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Minister Says the Right Words to Grieving Mother

While working his way through seminary, pastor and author Ed Rowell took a job driving a school bus for kindergartners. Ed shares a story about a valuable lesson he learned from that experience—a lesson about the power of presence and a willingness to say the things God whispers into our hearts. The story begins with Ed meeting a memorable little boy named Ryan:

Several of the kids came from single-parent homes. Ryan was one. As he got off the bus one day he asked me if I'd like to meet his mom sometime. "She's real pretty."
"I'll bet she is," was my response. "But I have a pretty wife at home."
Heading back to the bus barn one afternoon after finishing my route, I glanced in my mirror and saw a shaggy blonde head peeping up over the last seat. "Ryan, why didn't you get off at your house?"
"I fell asleep," he said.
"When did you wake up?" I asked.
"At Kim's house," he replied. I quizzed him further. "Well, why didn't you tell me you were still on the bus?"
Sensing my irritation, Ryan responded quietly, "I just didn't want to bother you." We circled back to his home, where he let himself in with the key hanging from a shoelace around his neck.
Halloween came. Friday afternoon, the kids were in costume, high on sugar and anticipation. Ryan was made up like a vampire. It was a long run. Lord, just get me through this so I can go take some aspirin. After my last stop, I scanned the bus for stowaways, and headed home.
I slept in on Saturday. When I finally got moving and settled down with my first cup of coffee and the newspaper, a story on page two caught my eye. There had been an accident at the YMCA Halloween party. A heavy piece of gymnastic equipment was turned over. A child was killed. It was Ryan. …
I went to the White Chapel Funeral Home. I'm so scared. My greatest fear was that I would say something that would make his parents cry. Just don't say anything sad or stupid, I told myself.
There were just a few people talking to Ryan's family. His mom was pretty, just like he said. His dad was there too, with Ryan's stepmom. I imagined that the issues that had led to their divorce must seem pretty insignificant compared to the nightmare they were living right now.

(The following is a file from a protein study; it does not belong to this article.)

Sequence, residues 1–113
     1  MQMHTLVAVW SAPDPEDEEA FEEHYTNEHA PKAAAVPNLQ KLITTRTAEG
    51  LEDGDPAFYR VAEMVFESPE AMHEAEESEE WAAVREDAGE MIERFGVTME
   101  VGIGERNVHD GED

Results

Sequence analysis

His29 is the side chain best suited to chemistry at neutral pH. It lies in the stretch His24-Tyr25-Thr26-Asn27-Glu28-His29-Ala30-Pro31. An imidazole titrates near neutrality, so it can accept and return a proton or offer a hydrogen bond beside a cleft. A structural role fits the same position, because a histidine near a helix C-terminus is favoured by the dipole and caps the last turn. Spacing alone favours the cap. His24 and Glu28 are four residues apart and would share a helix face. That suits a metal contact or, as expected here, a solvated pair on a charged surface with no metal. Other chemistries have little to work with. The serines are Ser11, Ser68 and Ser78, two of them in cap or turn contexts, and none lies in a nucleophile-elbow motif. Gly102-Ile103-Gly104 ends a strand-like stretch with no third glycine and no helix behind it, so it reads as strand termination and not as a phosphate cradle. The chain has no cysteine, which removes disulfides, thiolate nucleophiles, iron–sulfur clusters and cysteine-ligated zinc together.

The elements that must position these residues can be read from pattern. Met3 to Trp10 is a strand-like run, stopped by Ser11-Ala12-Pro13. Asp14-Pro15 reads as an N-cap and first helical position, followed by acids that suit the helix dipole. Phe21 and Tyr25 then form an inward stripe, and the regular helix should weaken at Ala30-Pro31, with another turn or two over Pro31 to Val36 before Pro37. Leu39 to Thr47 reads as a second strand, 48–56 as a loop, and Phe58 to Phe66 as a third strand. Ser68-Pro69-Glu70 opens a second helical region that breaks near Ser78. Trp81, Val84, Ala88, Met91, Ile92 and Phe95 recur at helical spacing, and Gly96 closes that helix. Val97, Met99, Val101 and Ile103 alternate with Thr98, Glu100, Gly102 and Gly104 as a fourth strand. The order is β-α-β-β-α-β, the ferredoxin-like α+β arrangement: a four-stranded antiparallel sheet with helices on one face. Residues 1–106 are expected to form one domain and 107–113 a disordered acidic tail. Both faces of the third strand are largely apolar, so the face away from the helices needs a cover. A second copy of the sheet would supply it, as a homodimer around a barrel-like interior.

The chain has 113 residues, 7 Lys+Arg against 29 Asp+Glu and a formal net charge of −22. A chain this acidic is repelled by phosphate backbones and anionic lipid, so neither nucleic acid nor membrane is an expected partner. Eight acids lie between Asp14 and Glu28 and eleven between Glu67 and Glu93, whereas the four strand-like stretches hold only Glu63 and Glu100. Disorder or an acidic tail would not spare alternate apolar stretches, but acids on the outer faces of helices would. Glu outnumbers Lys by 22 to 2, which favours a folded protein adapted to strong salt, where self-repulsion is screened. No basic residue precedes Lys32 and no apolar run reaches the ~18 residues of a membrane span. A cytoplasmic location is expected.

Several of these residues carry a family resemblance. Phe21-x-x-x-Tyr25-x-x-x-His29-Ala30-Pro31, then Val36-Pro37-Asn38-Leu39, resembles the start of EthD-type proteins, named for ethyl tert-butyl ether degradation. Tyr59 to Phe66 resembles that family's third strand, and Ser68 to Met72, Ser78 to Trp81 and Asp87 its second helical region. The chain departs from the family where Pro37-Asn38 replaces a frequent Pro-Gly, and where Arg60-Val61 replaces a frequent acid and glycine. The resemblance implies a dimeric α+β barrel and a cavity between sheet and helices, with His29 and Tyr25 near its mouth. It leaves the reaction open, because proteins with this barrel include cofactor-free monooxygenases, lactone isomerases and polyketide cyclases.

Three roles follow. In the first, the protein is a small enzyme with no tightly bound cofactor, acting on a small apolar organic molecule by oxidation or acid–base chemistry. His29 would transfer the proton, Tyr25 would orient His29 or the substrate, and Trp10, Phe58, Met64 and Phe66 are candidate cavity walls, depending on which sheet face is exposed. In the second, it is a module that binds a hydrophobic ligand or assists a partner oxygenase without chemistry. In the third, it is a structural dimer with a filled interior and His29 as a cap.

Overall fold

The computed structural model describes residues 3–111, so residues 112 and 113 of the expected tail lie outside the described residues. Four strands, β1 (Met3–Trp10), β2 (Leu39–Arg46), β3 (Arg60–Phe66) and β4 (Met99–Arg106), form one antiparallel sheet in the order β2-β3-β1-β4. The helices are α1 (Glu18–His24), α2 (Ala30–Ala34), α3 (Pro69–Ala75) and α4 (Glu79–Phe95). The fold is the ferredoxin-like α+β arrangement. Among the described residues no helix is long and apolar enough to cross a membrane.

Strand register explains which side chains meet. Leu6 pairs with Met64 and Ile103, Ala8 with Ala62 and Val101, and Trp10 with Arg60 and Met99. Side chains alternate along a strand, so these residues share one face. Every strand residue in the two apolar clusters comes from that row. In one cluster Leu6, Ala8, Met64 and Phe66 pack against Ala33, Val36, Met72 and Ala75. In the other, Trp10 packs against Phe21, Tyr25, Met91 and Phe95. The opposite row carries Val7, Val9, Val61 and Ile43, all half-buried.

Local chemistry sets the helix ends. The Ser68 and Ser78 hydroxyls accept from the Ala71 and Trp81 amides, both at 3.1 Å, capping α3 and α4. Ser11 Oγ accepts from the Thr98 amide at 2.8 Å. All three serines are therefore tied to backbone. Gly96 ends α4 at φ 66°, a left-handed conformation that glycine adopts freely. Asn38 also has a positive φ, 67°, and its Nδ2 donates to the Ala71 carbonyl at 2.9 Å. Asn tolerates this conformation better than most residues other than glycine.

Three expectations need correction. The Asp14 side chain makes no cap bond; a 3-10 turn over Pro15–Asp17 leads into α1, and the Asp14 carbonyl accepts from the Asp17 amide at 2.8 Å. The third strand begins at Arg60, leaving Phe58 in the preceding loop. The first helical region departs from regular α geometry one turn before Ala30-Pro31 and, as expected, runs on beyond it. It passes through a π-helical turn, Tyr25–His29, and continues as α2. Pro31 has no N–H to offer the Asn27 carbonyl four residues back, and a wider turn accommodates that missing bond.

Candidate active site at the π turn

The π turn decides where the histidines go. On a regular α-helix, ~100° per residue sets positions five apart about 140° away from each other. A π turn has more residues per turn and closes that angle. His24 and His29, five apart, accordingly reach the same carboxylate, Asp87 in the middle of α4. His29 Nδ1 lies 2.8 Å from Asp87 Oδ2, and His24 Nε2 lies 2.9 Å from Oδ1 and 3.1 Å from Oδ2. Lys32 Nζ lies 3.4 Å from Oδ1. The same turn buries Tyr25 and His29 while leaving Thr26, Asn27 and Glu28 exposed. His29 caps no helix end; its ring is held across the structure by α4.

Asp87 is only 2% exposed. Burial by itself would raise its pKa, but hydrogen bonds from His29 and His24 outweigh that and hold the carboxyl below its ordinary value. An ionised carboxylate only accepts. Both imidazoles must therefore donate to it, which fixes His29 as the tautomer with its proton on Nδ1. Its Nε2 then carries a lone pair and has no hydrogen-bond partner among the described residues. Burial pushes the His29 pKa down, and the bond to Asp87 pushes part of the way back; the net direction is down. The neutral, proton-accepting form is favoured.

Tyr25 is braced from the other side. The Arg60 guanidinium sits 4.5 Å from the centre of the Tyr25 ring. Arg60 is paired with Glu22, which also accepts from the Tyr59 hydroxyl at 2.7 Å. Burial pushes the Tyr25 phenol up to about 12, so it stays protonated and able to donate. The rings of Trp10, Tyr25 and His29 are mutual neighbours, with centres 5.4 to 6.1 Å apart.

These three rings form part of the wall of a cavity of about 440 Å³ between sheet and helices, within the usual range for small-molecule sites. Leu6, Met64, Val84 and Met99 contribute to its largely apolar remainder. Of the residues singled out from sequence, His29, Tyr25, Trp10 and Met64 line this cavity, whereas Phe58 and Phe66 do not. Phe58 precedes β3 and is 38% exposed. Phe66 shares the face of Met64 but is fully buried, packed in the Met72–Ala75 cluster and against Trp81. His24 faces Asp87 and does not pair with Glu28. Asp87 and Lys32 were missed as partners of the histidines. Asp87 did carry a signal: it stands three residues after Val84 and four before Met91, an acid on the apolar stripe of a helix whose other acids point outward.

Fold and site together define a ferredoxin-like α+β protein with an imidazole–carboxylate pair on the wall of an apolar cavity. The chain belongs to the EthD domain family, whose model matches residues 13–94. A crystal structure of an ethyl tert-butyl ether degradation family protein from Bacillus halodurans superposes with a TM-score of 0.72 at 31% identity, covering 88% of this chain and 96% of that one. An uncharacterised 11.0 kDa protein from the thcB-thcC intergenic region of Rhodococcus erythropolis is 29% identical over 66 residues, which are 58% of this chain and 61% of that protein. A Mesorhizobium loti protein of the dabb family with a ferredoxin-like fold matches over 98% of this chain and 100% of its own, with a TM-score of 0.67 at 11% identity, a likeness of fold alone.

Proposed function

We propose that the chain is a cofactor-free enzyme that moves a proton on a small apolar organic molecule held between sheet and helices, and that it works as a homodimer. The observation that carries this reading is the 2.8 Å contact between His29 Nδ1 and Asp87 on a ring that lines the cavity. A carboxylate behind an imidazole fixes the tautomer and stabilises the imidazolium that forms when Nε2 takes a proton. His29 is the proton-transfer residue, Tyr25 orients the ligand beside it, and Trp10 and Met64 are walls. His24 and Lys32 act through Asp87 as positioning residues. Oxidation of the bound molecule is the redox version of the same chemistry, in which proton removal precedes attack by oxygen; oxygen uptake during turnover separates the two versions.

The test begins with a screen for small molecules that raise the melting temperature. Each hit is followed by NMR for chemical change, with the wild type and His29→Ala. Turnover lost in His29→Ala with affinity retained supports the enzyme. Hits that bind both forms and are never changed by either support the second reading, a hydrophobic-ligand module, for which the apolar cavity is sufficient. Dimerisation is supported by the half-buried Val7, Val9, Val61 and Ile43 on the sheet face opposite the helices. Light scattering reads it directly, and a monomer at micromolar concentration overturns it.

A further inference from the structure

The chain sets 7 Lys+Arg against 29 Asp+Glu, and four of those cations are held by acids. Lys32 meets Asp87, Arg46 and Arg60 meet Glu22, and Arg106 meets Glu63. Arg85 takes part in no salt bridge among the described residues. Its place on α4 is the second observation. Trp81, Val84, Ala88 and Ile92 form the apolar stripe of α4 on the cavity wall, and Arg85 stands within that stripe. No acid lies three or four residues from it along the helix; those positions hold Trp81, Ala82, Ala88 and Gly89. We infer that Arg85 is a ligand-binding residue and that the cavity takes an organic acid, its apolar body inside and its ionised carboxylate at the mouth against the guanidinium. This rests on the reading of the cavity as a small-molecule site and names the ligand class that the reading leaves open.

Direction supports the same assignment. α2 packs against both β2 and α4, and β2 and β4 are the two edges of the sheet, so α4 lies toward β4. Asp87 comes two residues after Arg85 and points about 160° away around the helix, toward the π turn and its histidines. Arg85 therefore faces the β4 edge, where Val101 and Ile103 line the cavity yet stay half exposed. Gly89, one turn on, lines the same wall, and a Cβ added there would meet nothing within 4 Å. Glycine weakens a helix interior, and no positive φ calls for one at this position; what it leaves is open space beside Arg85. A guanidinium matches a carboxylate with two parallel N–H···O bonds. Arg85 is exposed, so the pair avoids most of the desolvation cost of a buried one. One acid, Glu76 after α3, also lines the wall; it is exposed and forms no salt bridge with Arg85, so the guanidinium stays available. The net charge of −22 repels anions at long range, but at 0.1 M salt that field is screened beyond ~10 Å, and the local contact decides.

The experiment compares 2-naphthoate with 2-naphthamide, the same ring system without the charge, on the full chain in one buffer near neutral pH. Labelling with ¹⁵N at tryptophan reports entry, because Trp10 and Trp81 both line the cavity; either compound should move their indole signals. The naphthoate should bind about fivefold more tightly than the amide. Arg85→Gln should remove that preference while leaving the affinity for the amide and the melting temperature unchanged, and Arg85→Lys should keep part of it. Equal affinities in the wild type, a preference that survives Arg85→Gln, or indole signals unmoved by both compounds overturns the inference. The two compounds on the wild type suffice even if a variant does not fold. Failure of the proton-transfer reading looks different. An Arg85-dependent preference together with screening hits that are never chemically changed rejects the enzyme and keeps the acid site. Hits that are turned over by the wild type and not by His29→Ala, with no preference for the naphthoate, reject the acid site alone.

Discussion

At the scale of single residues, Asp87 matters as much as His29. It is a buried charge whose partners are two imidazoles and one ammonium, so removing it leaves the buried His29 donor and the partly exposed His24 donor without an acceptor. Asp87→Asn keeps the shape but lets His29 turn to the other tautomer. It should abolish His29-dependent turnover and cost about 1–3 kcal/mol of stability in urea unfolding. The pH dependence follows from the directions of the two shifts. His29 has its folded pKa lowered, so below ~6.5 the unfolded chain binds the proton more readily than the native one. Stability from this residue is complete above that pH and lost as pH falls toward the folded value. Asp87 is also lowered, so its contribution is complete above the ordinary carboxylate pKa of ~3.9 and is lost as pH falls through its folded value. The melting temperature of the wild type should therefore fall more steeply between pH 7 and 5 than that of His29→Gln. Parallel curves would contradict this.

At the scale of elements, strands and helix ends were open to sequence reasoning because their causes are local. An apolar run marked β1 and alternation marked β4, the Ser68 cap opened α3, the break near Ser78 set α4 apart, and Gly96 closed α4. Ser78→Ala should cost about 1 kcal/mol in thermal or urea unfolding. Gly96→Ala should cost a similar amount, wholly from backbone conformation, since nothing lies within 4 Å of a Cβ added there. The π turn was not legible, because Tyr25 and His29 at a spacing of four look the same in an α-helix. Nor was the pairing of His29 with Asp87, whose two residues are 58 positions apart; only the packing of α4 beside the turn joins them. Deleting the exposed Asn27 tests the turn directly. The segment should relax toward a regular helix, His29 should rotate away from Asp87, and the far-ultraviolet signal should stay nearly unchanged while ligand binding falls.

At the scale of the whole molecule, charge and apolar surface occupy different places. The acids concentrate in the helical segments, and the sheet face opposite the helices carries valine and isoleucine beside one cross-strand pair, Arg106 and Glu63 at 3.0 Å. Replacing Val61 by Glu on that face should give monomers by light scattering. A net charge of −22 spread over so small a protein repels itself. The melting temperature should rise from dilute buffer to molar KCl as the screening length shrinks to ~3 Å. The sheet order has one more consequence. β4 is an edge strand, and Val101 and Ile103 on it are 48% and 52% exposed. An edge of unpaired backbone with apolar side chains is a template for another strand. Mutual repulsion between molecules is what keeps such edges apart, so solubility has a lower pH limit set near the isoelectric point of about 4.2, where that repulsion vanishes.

I looked at the body in the half-sized casket. I thought I detected a little bit of Halloween makeup on his ear. Don't cry, you idiot, you'll upset his parents.
I looked up. There was no one left in the room except these three parents. I walked up to shake their hands. "I was Ryan's bus driver." His mom's eyes began to glisten. Watch it, don't get her started.
I told them about the day Ryan fell asleep on the bus and missed his stop. Even as they laughed at his response, "I didn't want to bother you," I could see the tears begin to well up in everyone's eyes. Way to go, Ed. Now you've made them all cry.
Ryan's mom started to speak, then grabbed me tight and started shaking with those choking sobs that I dreaded worse than anything… To make matters worse, I started crying too. Not discreetly, but all noisy and messy. I held this young mother I'd never met before, and wished I had something to say that would turn their attention away from my tears and runny nose.
A thought came to me. It sounded good until I said it aloud. "Just remember," I said when we all quieted down a little, "God knows the pain of losing a son, too." With those words, another wave of grief crashed over us.
As soon as I could, I got out of there. I feared I had poured salt in the wounded hearts of those parents.
The months passed quickly. Christmas came and went. My midterm exams were on the horizon. One Saturday, I spent the whole day studying and nursing a stomach ache that wouldn't go away. Finally, I called my doctor. "You'd better get to the emergency room, sounds like appendicitis to me." My wife drove me over right away.
As I lay there on the gurney, waiting for tests before surgery, a shot of something warm took the edge off the pain. In walked a pretty, young woman in white. She looked like Ryan's mom. You're hallucinating, I told myself.
"Hello, bus driver," she said with a smile… It was her—carrying a needle in her hand.
"I want to thank you for being there that night," she said as she tightened the tourniquet until my veins popped out. "I can't tell you how much your words about God understanding have helped me over these past few months." She slipped the needle in—I never even felt it. "But the fact that you cared enough to cry with us meant more than anything."

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